'A parent's worst nightmare' turns into miracle of life: 32 years later, heart transplant recipient reunites with donor's parents
FARGO — The heart of deceased Michael McCann has traveled around the world.
After tragically losing their infant son, Michael, in 1986, Karen and Steve McCann of Fargo decided to help their grieving process by donating Michael's organs, hoping they could help someone in need.
On Saturday, the airplane that carried Michael McCann's heart from Fargo to San Francisco, Calif., was the "celebrity" at the Fargo Air Museum's 10th annual celebrity dinner and auction. The McCanns and Andrew De La Pena, who survives on Michael's heart, were all in attendance.
On Friday night, the three of them spent time with each other at Rhombus Guys in downtown Fargo.
"It's wonderful. I never would have dreamed that we'd be at this point, having beer and pizza," Karen said.
Andrew met the McCanns in 2007 at a similar Fargo Air Museum event.
Michael passed away unexpectedly on Dec. 22, 1986. He had stopped breathing 20 days earlier at his babysitter's home.
Karen called it "A parent's worst nightmare."
The McCanns decided to turn that nightmare into something good by donating their son's organs.
Stephen De La Pena and Deborah McCarthy, who lived in San Francisco, Calif., experienced a similar tragedy in the prior year.
Their daughter, Sarah, was diagnosed with a rare and often fatal heart defect, endocardial fibroelastosis. EFE is characterized by a thickened inner lining of the heart. Sarah was only 6 months old when her life ended in May 1985.
The following July, De La Pena and McCarthy welcomed Andrew. He was seemingly healthy at birth.
Two weeks after Andrew was born, he began breathing fast. Sarah exhibited the same symptom prior to her diagnosis and death. Andrew was rushed to Oakland Children's Hospital, where he was diagnosed with EFE.
For infants, heart transplants were rare at the time, and the logistics added to the complexity of the situation.
One team of surgeons in Fargo would recover Michael's heart. Another team at Stanford University Medical Center would prepare Andrew for surgery to receive the heart. The ideal time span between organ recovery and transplantation was no more than four hours. However, given the distance between Fargo and Stanford, it could take five hours.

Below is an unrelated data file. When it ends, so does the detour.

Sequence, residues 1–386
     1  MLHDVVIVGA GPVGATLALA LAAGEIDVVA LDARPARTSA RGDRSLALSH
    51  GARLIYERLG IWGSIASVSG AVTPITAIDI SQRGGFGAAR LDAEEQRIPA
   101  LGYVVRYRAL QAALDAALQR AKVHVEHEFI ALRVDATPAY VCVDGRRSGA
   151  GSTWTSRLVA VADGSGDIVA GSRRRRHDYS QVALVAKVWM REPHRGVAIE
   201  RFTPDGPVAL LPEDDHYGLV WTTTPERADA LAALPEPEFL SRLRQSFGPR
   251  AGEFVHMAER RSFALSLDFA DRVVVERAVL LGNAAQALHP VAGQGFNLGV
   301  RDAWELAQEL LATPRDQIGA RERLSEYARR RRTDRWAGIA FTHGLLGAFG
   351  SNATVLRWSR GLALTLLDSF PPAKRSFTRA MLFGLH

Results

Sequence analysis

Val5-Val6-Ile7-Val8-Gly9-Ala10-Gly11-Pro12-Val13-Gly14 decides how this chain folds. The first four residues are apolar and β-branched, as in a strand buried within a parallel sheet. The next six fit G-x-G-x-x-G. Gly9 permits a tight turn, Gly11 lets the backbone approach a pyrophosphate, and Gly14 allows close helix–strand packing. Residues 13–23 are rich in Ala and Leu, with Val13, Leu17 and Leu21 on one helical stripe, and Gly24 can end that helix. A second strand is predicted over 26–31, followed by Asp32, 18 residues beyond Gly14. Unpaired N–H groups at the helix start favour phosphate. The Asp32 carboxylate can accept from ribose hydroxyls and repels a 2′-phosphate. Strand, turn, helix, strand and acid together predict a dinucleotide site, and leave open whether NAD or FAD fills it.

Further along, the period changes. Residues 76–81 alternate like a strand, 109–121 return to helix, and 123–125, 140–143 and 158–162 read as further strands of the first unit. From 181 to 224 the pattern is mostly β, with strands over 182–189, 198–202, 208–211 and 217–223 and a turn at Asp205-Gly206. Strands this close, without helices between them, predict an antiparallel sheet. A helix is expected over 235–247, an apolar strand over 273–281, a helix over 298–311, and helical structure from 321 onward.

At 11:45 p.m. December 23, Michael's heart was recovered for transplant. A problem arose at Hector International Airport, where one of the engines on the jet slated to transport the heart would not start.
Gov. George Sinner called Maj. Gen. Alexander P. Macdonald and inquired about the ability of an F-4 fighter at the Fargo base to be used for the emergency mission.
Within 30 minutes, the aircraft was released and flight planning began. At 3:06 a.m., Lt. Robert Becklund took off with the red and white cooler containing Michael's heart.
At 6:43 a.m., Lt. Becklund landed at Moffett Naval Air Station at the southern tip of San Francisco Bay, handing off his precious cargo to a team from Stanford.
The McCanns didn't find out until later what happened that night.
"We didn't actually know a lot of the details until later," Karen said. "We were home grieving and didn't even know all of that was going on behind the scenes."
'Do you know that you're dying?'
Before his first birthday, Andrew had a heart transplant. Before his sixth birthday, he had gone through two stints of cancer.
After his successful heart transplant, Andrew had to take an immunosuppressant to prevent his body from attacking the new organ. The medical team at Stanford was unsure of how big of a dosage to give to him. Andrew was given too much.
A weakened immune system caused Andrew to get the Epstein-Barr virus, which then caused lymphoma at the age of 2.
Andrew's cancer went into remission, but returned when he was 4, but he was cancer-free by age 5 1/2.
"I was in pretty bad shape though," Andrew said. "Because their whole strategy was to give me enough chemotherapy to kill an adult. ... They gave me enough to basically kill a horse. And because young people are slightly more resilient, I was able to survive that."
Andrew recalled a back-and-forth with his mother while he was in the hospital. She asked him, 'Do you know that you're dying?" and if he understood what it meant. He said, "Yeah. That means no more me."
"That gives you a different perspective than most 5 or 6 year olds," Andrew said.
He said he wanted to embrace the more sophisticated things in life. He wanted to learn music and read to try connecting with authors who had the same questions he did.
Andrew joined a boys choir, which provided him the opportunity to travel to Germany, Austria and Switzerland.
'I want to settle down'
Andrew's early travels led to more exploration. He got a theater degree from Loyola University of New Orleans, and a Master of Science in international studies from the University of Amsterdam. While he was at school in Amsterdam, he met his wife.
Andrew said he's been to almost every continent. He's taught English in Thailand, South Korea, Saudi Arabia and Hawaii.
"Our son's been on quite an adventure, his heart has," Steve McCann said.
Andrew said he's scratched his traveling itch.
"I want to settle down. ... I've lived in East Asia and South America and in the Middle East and Europe," Andrew said. "I've been to something like 40 countries, and at some point it's like every big city is kind of the same. ... So I'm ready to kind of settle down and work on my own creative craft, whether it's writing or theater."
Andrew said he wants to live in the United States, adding that Fargo is a possible destination.
"I'm a huge fan of Fargo. I can't say enough how great this place is. I've never been here in the winter, that might change my mind," he said with a laugh. "The people and the spirit here and the kindness is special."